By: Simon Collins
Prominent doctor Lance O’Sullivan wants to shift the Vanguard military school on to the vacant Hato Petera College site in Northcote, and wants his own Moko Foundation to reopen a hostel there for Māori boys.
O’Sullivan, a former Hato Petera student, has produced videos telling the stories of four Vanguard students in an effort to stop Parliament passing a bill to abolish charter schools such as the military academy.
Education Minister Chris Hipkins gave approval in May for Vanguard to become a designated character state school from next year and to expand from its existing 192 students in Years 11 to 13 to a full secondary school with up to 312 students across Years 9 to 13.
“The new school will initially be located at the site of the current school, while the Ministry works with the Establishment Board of Trustees to locate a permanent site,” he said then.
O’Sullivan said he told Hipkins about his proposal to bring Vanguard on to the Hato Petera site just before Hipkins announced Hato Petera’s closure on August 31.
A spokesman for Hipkins confirmed that O’Sullivan outlined the plan at a Hawke’s Bay principals’ conference at Wairakei on August 30, but said the minister was “non-committal” about it.
O’Sullivan had already proposed that the Hato Petera site should be used for a hostel for Māori students attending other schools in the area, on the model of Auckland Grammar School’s InZone hostel in Epsom.
“I have a proposal to look at a Hato Petera Leadership Academy, where Moko Foundation could take over and run [a hostel] and send them to a school at the same site that has a proven track record of delivering for Māori students,” he said today.
“It’s a proposal. It [Moko Foundation] has a number of Hato Petera old boys in governance and operational-level positions, so it’s a nice fit, because the Moko Foundation has a focus on education.
“We would see a value in bringing Māori students from out of town to have a hostel accommodated at that site.”
Separately, he said, the foundation was looking at the charter school model.
“We thought there was a real opportunity here for a school like Vanguard, currently housed in a warehouse on the North Shore, to perhaps find if there is an alignment to what I was wanting to achieve at Hato Petera,” he said.
“I have always talked about having a hostel that was separate from the school, separating out the living and learning environments.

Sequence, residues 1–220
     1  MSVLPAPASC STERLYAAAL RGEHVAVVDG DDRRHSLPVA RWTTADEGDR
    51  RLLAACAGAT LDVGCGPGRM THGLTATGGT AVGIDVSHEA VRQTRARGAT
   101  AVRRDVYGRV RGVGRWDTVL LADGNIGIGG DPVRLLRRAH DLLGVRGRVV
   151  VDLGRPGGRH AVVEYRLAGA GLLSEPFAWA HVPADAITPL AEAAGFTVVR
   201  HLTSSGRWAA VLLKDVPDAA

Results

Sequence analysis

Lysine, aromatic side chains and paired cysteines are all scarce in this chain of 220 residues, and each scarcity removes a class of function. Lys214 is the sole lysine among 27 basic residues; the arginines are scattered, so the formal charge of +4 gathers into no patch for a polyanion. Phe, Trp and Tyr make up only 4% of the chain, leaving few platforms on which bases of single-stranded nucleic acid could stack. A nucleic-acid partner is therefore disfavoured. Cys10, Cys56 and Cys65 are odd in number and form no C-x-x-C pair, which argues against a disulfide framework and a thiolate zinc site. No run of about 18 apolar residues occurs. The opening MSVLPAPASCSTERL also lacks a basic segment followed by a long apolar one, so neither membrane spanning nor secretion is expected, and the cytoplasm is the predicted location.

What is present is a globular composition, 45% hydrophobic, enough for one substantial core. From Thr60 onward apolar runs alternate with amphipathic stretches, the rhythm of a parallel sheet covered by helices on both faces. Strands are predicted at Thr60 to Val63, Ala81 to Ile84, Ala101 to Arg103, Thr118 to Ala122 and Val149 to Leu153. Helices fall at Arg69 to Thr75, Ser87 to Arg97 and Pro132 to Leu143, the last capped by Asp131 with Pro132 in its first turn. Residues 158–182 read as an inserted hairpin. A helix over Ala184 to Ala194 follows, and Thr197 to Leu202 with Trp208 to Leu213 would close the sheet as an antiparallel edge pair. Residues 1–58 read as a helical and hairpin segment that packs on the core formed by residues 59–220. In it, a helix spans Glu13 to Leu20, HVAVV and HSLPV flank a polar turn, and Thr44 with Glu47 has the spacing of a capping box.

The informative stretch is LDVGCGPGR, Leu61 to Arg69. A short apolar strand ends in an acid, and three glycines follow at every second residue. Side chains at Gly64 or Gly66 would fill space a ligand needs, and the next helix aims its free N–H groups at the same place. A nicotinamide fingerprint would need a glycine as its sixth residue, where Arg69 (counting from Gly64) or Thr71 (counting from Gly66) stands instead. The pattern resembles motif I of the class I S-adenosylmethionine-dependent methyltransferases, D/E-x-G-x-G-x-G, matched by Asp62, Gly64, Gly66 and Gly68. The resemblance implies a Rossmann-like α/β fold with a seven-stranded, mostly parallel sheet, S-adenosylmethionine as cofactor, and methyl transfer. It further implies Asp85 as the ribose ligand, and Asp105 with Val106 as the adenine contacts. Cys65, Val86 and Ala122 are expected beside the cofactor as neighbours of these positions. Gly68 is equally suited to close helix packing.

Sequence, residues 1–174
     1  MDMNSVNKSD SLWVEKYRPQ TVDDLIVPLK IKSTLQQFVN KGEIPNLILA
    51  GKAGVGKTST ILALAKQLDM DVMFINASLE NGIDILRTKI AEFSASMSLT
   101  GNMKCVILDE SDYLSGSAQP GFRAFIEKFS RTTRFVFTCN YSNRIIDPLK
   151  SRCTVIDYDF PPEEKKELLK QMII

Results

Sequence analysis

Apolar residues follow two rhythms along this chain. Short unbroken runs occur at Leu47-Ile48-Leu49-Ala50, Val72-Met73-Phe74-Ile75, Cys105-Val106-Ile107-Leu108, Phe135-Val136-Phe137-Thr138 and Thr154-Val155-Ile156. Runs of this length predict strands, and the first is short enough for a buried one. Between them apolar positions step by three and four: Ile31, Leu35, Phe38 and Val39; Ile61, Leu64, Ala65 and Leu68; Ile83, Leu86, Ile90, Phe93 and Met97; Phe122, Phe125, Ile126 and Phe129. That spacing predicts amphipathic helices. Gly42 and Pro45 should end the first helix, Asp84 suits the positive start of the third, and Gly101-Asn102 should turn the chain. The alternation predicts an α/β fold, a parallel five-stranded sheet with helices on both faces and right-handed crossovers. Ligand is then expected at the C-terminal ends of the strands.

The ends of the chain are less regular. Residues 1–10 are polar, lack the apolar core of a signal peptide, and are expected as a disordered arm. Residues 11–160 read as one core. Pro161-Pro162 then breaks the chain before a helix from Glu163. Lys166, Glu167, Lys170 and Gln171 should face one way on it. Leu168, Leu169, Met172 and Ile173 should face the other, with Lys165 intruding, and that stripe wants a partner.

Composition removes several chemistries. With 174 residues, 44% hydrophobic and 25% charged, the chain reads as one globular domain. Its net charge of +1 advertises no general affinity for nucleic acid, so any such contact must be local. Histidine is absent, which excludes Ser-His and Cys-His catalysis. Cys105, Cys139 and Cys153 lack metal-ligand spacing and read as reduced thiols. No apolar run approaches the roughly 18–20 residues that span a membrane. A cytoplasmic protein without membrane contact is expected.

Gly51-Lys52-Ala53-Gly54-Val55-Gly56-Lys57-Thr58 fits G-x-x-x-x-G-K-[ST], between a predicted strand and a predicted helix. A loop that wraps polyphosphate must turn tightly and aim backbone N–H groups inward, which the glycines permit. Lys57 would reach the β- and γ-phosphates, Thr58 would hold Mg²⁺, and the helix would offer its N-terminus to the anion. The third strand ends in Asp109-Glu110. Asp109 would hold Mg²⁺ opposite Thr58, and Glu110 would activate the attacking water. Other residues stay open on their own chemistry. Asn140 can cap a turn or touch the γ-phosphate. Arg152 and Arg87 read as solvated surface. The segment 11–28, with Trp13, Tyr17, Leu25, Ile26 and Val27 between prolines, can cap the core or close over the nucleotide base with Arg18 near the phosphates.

“That is the conversation we are having at the moment with Vanguard’s chief executive and their board of trustees. I’m very excited we are on that journey.”
O’Sullivan discussed his plans today with representatives of Ngāti Paoa, the original owners of the Northcote site, and said they were “very supportive of this proposal”.
However he said he had not yet discussed it with either the Catholic Church, which now owns the site, or the Ministry of Education, which is looking for a new site for Vanguard.
“I do intend to meet with them.” he said.
Vanguard chief executive Nick Hyde said he was “very thankful” to O’Sullivan for his support.
“We will be looking to expand and help more children in the near future and his idea makes a lot of sense and is one we would support,” he said.
“However it is not Vanguard’s decision to make, as we will be a state school next year. Any decision made will be between the ministry and the Church.”
O’Sullivan said he envisaged starting the hostel with perhaps 20 boys, possibly in a former Hato Petera building in Akoranga Drive that now houses AUT students.
He envisaged catering only for boys, even though Vanguard is co-educational and the Hato Petera hostel took in both boys and girls in recent years.
“That’s been a model that has been problematic,” he said. “I do think a return to a boys’ hostel is a preferred approach.”
He did not feel that Vanguard’s military emphasis was too narrow.
“Hato Petera does have quite a military background. There was quite a lot of military training associated with that historic part of Hato Petera,” he said.
He denied persistent speculation that he was promoting charter schools as part of a bid to become leader of the Māori Party, whose co-leaders Te Ururoa Flavell and Marama Fox have both resigned in the past month.
“Am I going to put my hat in the ring for leadership? No,” he said.
“Do I support the Māori Party? Yes, I do, and I will support them in any way I can.”
Source: NZ Herald